Muang Ngoi Neua

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February 6th 2009
Published: February 12th 2009
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Friday 6th February

We said goodbye to the lovely Sunrise Bungalows and headed down to the boat station.The ticket booth at the boat station was empty but eventually a sullen man sold me two tickets. He wrote tomorrow date on them but he didn't understand and when I pointed to the date on my watch he simply thought I was asking what time the boat went so I gave up. I had breakfast but Jen avoiding other than biscuits till we reach next destination which is a one hour trip up the Nam Ou river. Eventually we clambered aboard and as usual there was a ticket fiasco. They collected all the tickets but somehow there was one short so they gave them all out again and to my horror ours wasn't there (each had a name on). Eventually it showed up thank goodness. In the boat next door heading downstream they were starting to mutiny as they had been sitting crowded in the boat (one side catching the full hot sun) waiting to depart. They left just before us. There was a simple uncomfortable bench at each side of the small boat. I counted 22 people including the boat captain and a soldier in uniform who sat on the sacks stacked in the stern of the boat. We passed through small rapids and by small stilt house villages. At one a group of little naked boys were riding water buffalo and showed off by standing upright on their backs. Soon we reached the very small looking village, wjich is magically hemmed in by mountains which form the Ou valley. There is a simple riverfront where we disembarked and headed up the ramp to the single main street and the usual small shops, scratching chickens and lazy dogs. Because this village can only be reached by river there are no motor vehicles - idyllic. As at the previous stop, there is only electricity from 6pm to 10pm supplied by local generators. We soon found a riverfront bungalow with a verandah overlooking the river. (and thankfully a hammock each). The scene is even quieter than at Nong Khiew as there are less boats, less people and of course no motor vehicles. We soon recognised that Olivier, the Frenchman, was occupying the bungalow next but one to us. The town is lovely and the people friendly - they certainly have not been overwhelmed by tourism yet. It takes two minutes at most to walk from one end of town to the other. In the middle part of the street is an open structure like a Dutch barn which appears to be the
centre of local government. Some officials were sat at the desks at the front whilst the populace waited clasping papers waiting to be seen. Later from this 'building' we heard and kind of gong being hit rhythmically - summoning the people to some kind of meeting which appeared well attended. Jen was healthy enough to start eating again. We had lunch at a restaurant where the only other table was occupied by a slightly more affluent group of French escorted by a guide. (Later we were to learn that Olivier had seen them earlier any despises these bourgeois French people). We retired to our hammocks to see out the afternoon sunshine. My hammock is slung surprisingly high and the cords appeared only just adequate to support my weight so it was perhaps slightly surprising that I was relaxed enough to fall asleep (and snore - according to Jen).

Saturday 7th February
Because the lights go off early the town starts to close down from about 9pm so we went to bed early and got up early. We awoke to the sound of numerous cockerels crowing to announce that day had arrived in the valley. It was delightful just strolling the early morning streets. The streets were already buzzing with laid back activity. People don't hide away in their houses but sit out on the street. There was an endearing scene of a grandmother teaching her little grandson to read whilst she roasted the tiniest fish on a fork over an open fire. (I thought later that I'd misread the situation and that perhaps the boy was teaching his grandmother to read). Dogs slept in the middle of the road. We went for breakfast in a small family restaurant - really no more than an extension of the families home and kitchen while next door a woman was preparing the local riverweed by laying it on a frame and then whacking it flat with a bundle of twigs before hanging it up to dry.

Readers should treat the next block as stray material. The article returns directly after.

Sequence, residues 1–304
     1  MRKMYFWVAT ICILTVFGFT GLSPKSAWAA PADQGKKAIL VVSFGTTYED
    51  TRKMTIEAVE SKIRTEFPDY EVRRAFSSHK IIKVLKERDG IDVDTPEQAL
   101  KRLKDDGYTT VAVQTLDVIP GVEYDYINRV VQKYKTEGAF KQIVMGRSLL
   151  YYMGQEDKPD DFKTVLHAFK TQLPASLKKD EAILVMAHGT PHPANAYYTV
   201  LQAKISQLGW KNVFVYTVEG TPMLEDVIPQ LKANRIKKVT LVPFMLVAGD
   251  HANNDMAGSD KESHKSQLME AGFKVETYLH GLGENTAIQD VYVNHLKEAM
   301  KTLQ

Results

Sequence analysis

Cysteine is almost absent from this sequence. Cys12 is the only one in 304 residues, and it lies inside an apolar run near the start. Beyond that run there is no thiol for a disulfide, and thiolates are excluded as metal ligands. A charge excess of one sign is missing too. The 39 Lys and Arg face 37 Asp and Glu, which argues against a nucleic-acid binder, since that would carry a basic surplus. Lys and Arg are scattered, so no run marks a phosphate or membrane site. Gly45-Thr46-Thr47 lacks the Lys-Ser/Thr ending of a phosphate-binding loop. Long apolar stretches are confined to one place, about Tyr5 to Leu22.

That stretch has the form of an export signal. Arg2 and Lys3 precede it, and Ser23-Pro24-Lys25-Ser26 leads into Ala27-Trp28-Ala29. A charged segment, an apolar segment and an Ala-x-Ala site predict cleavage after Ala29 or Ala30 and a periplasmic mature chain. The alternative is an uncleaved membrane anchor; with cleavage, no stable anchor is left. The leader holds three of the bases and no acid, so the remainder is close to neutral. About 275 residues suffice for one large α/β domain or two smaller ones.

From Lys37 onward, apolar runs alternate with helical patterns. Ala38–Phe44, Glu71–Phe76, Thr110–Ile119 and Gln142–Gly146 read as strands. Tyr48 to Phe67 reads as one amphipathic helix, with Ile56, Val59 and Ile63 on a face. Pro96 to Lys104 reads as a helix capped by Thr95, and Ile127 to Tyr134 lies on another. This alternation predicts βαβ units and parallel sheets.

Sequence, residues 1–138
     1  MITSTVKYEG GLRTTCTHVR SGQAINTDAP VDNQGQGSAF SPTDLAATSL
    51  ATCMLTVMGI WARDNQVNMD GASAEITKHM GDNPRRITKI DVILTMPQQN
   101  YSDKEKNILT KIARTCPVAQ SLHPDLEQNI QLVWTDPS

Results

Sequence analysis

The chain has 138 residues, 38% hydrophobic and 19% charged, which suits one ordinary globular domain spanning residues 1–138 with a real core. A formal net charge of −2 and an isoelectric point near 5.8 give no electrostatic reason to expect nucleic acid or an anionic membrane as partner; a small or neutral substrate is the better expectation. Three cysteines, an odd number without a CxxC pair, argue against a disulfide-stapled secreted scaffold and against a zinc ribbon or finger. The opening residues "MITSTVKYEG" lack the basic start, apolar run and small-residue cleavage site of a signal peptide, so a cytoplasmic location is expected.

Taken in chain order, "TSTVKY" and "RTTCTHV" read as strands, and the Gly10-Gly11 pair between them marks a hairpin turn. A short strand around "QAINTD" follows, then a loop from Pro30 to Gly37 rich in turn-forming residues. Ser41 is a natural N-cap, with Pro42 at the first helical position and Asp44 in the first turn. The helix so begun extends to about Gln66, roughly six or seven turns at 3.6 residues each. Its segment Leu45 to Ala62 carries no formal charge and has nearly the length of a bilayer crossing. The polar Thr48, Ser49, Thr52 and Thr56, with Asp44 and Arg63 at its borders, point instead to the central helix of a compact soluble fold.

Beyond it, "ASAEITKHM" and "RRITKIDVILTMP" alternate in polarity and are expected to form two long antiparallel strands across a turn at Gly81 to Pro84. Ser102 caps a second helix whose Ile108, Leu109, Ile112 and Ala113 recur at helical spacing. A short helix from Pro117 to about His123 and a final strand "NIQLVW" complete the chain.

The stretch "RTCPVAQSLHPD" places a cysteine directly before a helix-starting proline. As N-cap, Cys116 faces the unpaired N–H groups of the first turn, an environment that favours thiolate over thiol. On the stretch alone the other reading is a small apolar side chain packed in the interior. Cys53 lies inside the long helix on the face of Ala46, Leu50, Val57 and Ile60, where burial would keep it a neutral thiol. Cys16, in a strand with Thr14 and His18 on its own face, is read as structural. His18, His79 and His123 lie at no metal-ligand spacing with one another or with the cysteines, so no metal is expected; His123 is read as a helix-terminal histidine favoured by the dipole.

A sound feature of Laos that is perhaps most noticeable to a westerner is the noisy hawking and spitting that goes on. It is usual whilst having a meal to hear someone loudly clearing their throat. All adults (both sexes) seem to do it with great regularity. It's strange to b admiring a pretty girl then hear her noisily hawk and then spit. First thing in the morning is worst - it's almost like a Laos dawn chorus. Jen and I ordered cheese baguette which of course meant one Laughing Cow triangle spread thinly enough to cover both baguettes - but the accompanying eggs were good. Olivier joined us for breakfast - he has had quite some incidents on his travels; he was on a bus which crashed in Malaysia in which some people were killed, he happened to be at a military base in Kenya when there was a coup attempt and the person next to him was shot dead - he attributes his survival to being thin. We decided to strike out into the paddy fields that follow a valley inland to some caves and tribal villages. Armed with no map but some information from Olivier who'd walked the previous day we set off. The track was clear to the caves. At the first cave we arrived at the same time as another Englishman who had hired a local guide. Strangely the guide waited outside and I left Jen outside whilst I ventured in. The guide had told the Englishman that it was possible to go for 30 minutes deep into the cave. I started off with him but my torch was feeble and the rocks were slippery and there were potentially leg breaking drops so after two minutes we soon decided to venture no further. There being no roads I dread to think how long it would take to reach a casualty department by walking track and then boat from here. Jen and I continued on coming to a junction where we waited to see which way the guide went. We met a tribal lady heading for town with a packhorse. We forded a river and followed the guide and Englishman at a distance but eventually lost sight of them. It was not clear which way to go so we followed our instincts and the biggest path through paddy fields. We passed water buffalo and normal cows grazing. The path narrowed as it neared a tall cliff. It then came to a riverbank. We forded this ( I deliberately didn't mention leeches to Jen as she was getting annoyed enough we me getting her lost in the wilderness - but I discretely checked that she hadn't picked up any). Frustratingly we came on another river within 50m and had to ford that. It was clear that cows or water buffalo had crossed it recently. I thought we must happen on one of the villages soon as the path widened but after another twenty minutes we decided to call it a day and retrace our steps before we became even more lost. It was a long hot slog back but we enjoyed it because it was easy to follow our way back as we could easily see the valley we were heading for. We stopped off at a second cave on the way back and I explored it briefly but being alone (whilst Jen waited in the sun outside) didn't venture too far. (Apparently Dutch cavers have found that it is linked to the first that I entered earlier). We stopped at the first cave again and sat by the clear pool outside where some young Laos children were playing. The Laos children seem to have lots of freedom and are left to fend for themselves. We've seen some sights that have alarmed us such as five year olds playing with meat cleavers and tiny tots crossing busy streets on their own. The real infants are kept really close - literally - usually in a sling on their mother's back. Jen has remarked on the near total absence of pushchairs or prams. We got back to town and went for a meal at a restaurant overlooking the boat landing. Something was going on as some girls and boys in a kind of uniform (possible young communist pioneers) were holding bunches of flowers and practising their bows and curtsies guided by an adult. Suddenly a flotilla of three boats came up river and disembarked about 30 oriental visitors the leaders of whom were greeted by what must have been local dignitaries and then given flowers by the children. The official photographer accompanying the party snapped away and another videoed. We were puzzled as to where all these well heeled visitors would be accommodated and expected to return to our lodgings to find that we had been summarily evicted (although they didn't look the type to occupy a reed hut bungalow). Luckily we found our hut and hammocks unoccupied so relaxed away until hunger drove us to a restaurant. It was near the council 'office' so we had a great view of the party that was put on for the visiting dignitaries. At first there were formal speeches then a meal and I think much drinking. A professional sounding singer had been engaged and his vioce boomed out at loud volume but as the night progressed the karaoke began and some ear splitting out of tune renditions rent the air - but great fun was being had by all and it was great to see the Lao at play. We returned to our bungalow as the music played on but it stopped by 10:30pm presumably because the electricity was turned off then.